11 Oct 2011
October 11, 2011

The Greening of Burlingame

Going Green

There is overwhelming evidence that our planet is undergoing significant changes that may compromise the future welfare of our children and grandchildren. We need to begin acting immediately to reduce carbon emissions and implement more sustainable practices.

Burlingame has already taken significant steps to “go green.” The city completed an energy audit in 2003 and has retrofitted city buildings with energy-efficient systems. The city installed a co-generation system in its wastewater treatment plant that reuses methane gas to power more than 20 percent of the facility, which saves the city about $150,000 each year. The city received a $160,000 rebate from Pacific Gas & Electric for this project. You can read more about the city’s progress to date on the city’s website and see why Burlingame was awarded a national environmental award in 2011.

Challenges Ahead
There is much more to be done. In August 2007 the Burlingame City Council unanimously supported the Mayor’s Climate Protection Agreement to advance the goals of the Kyoto Protocol, which addresses climate disruption. In 2007 I appointed a Green Ribbon Task Force to promote sustainability and green initiatives. In 2009 the council approved a Climate Action Plan (CAP) which was drafted by the Task Force. Our city is ahead of schedule in meeting 2012 interim targets for reducing carbon emissions.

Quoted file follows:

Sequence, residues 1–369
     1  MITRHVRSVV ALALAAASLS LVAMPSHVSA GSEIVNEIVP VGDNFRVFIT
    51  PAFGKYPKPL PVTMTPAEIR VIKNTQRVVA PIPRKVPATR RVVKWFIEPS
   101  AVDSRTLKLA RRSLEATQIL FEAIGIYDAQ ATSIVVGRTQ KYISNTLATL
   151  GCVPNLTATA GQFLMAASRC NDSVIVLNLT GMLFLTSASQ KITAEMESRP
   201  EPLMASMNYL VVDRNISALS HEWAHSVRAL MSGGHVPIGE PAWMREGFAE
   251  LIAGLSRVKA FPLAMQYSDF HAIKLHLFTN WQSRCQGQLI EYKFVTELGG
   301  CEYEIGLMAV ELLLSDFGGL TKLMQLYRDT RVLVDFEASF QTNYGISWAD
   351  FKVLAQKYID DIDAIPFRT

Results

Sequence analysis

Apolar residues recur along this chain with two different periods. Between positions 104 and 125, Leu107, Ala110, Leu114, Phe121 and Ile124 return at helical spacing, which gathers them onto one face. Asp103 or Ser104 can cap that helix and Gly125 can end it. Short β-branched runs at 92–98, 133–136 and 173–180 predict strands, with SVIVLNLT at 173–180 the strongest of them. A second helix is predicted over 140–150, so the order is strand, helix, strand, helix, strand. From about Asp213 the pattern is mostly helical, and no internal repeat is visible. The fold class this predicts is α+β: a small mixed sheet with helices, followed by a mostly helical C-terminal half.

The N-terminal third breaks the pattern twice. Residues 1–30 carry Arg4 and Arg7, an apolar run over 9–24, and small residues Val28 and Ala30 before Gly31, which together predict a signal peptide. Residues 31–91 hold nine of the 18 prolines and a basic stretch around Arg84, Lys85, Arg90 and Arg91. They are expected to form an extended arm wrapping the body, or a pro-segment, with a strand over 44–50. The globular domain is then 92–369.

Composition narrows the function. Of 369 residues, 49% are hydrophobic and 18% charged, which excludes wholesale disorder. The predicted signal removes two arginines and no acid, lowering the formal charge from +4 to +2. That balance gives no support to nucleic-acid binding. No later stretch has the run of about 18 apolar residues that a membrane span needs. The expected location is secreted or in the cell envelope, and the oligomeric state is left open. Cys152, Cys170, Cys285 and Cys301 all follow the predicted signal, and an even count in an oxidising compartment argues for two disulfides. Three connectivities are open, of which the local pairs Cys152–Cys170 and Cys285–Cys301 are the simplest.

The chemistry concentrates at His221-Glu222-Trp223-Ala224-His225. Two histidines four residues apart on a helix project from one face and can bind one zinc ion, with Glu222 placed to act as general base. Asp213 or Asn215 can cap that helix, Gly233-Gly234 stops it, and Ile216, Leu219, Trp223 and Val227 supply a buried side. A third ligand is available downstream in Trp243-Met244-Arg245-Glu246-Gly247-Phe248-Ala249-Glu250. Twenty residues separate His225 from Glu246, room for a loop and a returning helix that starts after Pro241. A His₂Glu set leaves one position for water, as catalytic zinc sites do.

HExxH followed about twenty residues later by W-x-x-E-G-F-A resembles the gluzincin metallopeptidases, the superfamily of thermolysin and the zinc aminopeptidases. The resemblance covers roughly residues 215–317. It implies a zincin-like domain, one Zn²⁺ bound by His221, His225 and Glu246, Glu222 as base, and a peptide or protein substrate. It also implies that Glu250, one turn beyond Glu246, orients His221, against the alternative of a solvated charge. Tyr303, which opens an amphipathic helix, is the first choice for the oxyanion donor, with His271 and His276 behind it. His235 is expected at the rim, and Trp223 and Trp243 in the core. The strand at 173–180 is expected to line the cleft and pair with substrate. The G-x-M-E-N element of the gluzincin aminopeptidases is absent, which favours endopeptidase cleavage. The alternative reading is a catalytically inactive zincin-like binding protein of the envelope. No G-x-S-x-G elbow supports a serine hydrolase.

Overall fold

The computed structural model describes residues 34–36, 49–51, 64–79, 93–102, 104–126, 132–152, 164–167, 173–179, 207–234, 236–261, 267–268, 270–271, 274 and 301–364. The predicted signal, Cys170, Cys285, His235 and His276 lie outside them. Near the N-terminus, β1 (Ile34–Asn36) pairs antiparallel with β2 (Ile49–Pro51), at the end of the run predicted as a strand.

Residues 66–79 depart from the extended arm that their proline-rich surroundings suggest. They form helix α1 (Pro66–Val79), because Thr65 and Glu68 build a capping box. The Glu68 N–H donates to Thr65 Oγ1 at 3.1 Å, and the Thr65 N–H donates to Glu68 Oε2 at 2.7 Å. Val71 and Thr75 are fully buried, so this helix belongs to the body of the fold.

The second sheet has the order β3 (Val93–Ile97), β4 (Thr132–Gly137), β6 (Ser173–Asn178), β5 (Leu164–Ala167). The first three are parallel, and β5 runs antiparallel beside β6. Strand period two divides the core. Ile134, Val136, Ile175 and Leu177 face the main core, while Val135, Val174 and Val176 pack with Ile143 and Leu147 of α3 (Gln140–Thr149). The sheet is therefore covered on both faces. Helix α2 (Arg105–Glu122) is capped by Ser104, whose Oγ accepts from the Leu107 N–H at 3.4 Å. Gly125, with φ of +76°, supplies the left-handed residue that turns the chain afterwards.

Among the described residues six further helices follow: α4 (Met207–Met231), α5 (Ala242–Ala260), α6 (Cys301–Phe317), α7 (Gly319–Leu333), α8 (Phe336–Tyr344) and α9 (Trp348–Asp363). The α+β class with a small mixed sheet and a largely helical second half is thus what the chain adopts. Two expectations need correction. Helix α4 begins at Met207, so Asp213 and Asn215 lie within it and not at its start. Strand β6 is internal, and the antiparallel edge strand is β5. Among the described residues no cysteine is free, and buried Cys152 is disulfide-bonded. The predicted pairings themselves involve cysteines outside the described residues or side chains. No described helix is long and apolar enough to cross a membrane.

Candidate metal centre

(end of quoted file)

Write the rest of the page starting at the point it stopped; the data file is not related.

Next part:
After completing the CAP, the Task Force disbanded and a Burlingame nonprofit formed called the Citizens Environmental Council – Burlingame. CEC has introduced a variety of green initiatives, including an annual Green Street Fair, a green seminar series and a Drive Less Challenge. CEC has helped win community support for a polystyrene ban and is working on other proposals.

A Countywide Plan
In February 2006, the San Mateo County Board of Supervisors appointed me to the Utilities and Sustainability Task Force, a countywide commission charged with creating an energy and sustainability plan for all cities in the county. Our recommendations and action plan were adopted by the county’s City/County Association of Governments for countywide implementation.

I am committed to making Burlingame a leader in reducing carbon emissions and becoming more sustainable. I am gratified that a 2007 city survey showed that 74 percent of our residents support the city’s involvement in environmentally friendly measures, even if the cost exceeds the projected operational savings over the life of the project. To those who say we can’t afford to go green, I say: We can’t afford not to. The reality is that many clean green initiatives pay for themselves in energy savings.